A Few Things All Anglicans Should Know

November 21, 2006

I don’t usually post things like this, but I’ve had quite a few discussions with folks who like to look at the Anglican Communion as a governing body for the church’s autonomous provinces which are held together by the mystery of the bonds of affection in the Holy Spirit.  I do get tired of writing about the antics of the Church.

As pointed out on Fr Jake Stops the World, the Archbishop of Capetown in South Africa recently made some statements calling to light some of the lesser publicized but equally important prounouncements of Lambeth, the worldwide gathering of all Anglican bishops:

  1. ++Ndungane is disappointed at the overwhelming attention paid to resolution 1.1 (on human sexuality)
  2. Resolution 2.2 describes the Lambeth gathering as a “consultative body.”  Those looking for a papal replacement– whether in a single person, council, committee, or gathering of any kind will not find it in Anglicanism.  We just don’t place that kind of authority for doctrine in our leadership centrally.  While some look to 1.1 as an authoritative doctrine for the church, it simply isn’t.  It is a consultative, not authoratative, pronouncement.
  3. Resolution 5.13 reasserts the agreement between the bishops of the church to respect the autonomous borders of each province, which have been violated most recently by Nigeria and other orthodox provinces.
  4. A resolution to condemn gay and lesbian people was defeated at Lambeth, which should be noted given the way that 1.1 has been interpreted.

Of course the same thing can be done in the Windsor report, and we can extract “Orthodox” things that have been taken out of context and blow apart the assertions that have now been made by the so-called “Windsor-compliant” bishops.

We really do see the church differently.

What is concerning to me is not that we see the church differently.  God has created different kinds of people, with different experiences to bring to the lens of interpreting scripture and with different gifts to the ministry.  There is really no wonder that with such a big God we see God differently.

What concerns me is the willingness of a few to project their view of God on so many– the willingness not to reach out in common bonds of affection to look for ways to grow together but instead to draw up fences around themselves in order to try and dig heels in to make sure that grow is limited in the direction they desire.

That is just so clearly a human condition of brokenness that of course it is difficult to reconcile.

Of course, they would say the same thing about me.  The difference is that I’m willing to live together despite the difference.  In fact, I think it is in those differences that we are called to live.  How boring would it be if we were all the same?  If we all agreed all the time?  God’s too creative for that.  That’s not the creation he imagined.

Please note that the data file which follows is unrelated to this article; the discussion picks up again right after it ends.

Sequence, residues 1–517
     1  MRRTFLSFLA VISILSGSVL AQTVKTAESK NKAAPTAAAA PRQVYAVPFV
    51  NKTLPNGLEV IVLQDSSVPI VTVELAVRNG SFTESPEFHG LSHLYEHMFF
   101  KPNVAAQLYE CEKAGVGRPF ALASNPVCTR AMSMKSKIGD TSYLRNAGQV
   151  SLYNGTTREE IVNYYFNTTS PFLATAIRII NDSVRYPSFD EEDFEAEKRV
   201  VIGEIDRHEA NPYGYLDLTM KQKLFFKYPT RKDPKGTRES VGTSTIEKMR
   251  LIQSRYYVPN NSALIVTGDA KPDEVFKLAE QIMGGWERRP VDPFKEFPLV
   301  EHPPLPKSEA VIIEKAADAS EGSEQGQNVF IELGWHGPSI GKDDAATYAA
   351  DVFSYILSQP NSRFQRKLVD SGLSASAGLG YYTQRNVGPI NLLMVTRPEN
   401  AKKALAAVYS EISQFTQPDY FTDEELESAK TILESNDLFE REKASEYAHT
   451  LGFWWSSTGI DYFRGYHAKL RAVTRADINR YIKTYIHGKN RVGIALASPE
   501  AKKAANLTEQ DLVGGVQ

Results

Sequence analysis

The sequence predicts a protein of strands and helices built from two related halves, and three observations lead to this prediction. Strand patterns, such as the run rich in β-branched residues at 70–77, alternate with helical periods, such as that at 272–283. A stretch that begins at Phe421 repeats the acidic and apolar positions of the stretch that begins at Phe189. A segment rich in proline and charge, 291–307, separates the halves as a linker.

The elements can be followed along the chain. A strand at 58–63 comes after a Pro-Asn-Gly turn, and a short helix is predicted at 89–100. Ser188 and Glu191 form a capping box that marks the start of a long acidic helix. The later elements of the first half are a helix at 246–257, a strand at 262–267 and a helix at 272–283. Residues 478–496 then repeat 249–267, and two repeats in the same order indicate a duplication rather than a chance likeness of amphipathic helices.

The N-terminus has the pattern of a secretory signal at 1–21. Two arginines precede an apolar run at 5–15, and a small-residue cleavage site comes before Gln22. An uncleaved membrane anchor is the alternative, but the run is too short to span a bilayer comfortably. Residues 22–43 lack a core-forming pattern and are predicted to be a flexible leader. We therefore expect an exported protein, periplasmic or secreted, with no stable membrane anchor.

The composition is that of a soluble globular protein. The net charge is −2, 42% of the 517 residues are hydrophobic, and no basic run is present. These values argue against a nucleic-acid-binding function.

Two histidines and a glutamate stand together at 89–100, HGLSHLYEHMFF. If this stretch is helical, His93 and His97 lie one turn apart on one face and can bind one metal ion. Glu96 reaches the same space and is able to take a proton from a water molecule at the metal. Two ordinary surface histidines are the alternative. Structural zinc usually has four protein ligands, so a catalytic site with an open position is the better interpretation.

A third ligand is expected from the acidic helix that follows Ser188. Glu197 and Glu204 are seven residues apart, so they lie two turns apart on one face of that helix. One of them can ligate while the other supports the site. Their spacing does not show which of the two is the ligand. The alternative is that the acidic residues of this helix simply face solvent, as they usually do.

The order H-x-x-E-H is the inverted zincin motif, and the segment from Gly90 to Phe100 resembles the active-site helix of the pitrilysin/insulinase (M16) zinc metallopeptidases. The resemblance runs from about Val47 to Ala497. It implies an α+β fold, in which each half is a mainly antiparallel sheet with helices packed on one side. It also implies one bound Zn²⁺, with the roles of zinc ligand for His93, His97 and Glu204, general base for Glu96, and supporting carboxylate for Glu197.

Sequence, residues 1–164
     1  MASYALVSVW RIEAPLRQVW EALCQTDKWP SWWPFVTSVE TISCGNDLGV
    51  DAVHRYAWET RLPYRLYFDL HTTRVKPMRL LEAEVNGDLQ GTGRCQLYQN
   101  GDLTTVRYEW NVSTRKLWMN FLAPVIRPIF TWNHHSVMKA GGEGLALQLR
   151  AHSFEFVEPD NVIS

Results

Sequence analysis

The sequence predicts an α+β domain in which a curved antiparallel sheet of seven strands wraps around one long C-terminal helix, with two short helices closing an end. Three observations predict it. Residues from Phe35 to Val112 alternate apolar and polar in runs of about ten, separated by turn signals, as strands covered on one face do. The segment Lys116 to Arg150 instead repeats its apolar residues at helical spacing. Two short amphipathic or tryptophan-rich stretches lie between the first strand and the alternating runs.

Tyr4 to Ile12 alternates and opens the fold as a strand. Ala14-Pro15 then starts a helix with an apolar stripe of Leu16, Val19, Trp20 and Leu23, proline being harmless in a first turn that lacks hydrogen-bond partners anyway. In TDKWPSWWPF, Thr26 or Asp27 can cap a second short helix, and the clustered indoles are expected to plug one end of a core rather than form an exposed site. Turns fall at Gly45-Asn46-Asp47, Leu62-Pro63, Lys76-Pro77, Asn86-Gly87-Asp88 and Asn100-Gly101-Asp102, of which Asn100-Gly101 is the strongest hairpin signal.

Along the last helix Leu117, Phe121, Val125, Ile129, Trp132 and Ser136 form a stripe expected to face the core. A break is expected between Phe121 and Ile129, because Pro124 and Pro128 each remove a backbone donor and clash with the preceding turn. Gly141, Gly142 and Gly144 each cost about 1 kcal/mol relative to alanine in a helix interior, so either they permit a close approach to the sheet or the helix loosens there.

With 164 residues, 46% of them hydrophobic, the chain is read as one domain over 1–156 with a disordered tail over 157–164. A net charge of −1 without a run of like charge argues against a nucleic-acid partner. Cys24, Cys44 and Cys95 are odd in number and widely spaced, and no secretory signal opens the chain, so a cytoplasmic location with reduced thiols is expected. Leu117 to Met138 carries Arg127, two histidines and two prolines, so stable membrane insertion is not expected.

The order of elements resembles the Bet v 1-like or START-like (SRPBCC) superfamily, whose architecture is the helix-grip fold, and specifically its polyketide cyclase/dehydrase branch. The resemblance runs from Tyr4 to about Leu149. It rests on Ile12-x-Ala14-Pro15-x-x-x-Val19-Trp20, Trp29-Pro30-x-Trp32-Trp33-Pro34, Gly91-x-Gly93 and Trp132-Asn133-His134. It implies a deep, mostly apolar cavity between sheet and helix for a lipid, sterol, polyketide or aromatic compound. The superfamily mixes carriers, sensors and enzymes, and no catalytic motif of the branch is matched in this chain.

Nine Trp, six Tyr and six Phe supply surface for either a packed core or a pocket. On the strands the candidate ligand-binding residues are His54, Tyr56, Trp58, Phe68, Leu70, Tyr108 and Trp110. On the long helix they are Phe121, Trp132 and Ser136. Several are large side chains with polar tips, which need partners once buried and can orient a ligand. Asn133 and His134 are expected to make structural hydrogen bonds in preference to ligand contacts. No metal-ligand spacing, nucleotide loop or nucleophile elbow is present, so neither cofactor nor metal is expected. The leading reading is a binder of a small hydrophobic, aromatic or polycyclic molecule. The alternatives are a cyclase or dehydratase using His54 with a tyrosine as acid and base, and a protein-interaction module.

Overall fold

But some cannot live without a stark black and white reality– only the “right” and “wrong” answers that they can theologize out of their very limited existence.  We are all limited.  How can any of us possibly be so arrogant as to assume that we can have all the “right” or “wrong” answers?  Only by living together in the shades of grey can we have any hope.  Only by reconciling in Christ Jesus can we find our salvation.  Not only reconciling in a relationship with God– but reconciling with each other.

That is our calling.  What a shame that we choose not to live up to it.

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2 Responses to “A Few Things All Anglicans Should Know”

  1. EFOH Says:

    Keep the focus on justice, not condemnation. It was a move toward justice when people began to realize that it isn’t reasonable to throw gays into jail or to demean them socially. Now that they’re organizing to make homosexuality the equivalent of the marital act, it’s a move toward justice to prevent naive young people from entering a life that involves destroying the physical and emotional well-being of partners.

  2. Jeff Says:

    I’m not sure what you mean, EFOH. If you mean that the orthodox are trying to keep young people from entering a homosexual life, that is a contradiction. It is a well-established fact that gays and lesbians do not choose our orientation. Why would we choose to be oppressed? Rather we go through a long and complicated journey of coming to terms with the fulness of who God made us.

    Rather I would agree let’s focus on justice– for the young gay person who feels isolated. The church has not provided any resources for him to cope with his orientation, likely neither has his family, his school, nor his friends. Perhaps he contemplates suicide as his only way out. It is also a well documented fact that suicide among GLBT teens is much higher than among their straight counterparts because there is no justice among these communities– no support, no compassion, no empathy.

    Yes, let’s do focus on justice for the young in our community. Not by preventing them from achieving their full potential as you suggest, but by enabling them to achieve it in honoring the relationships that God gives us in full equality within the institution of the church.

    j


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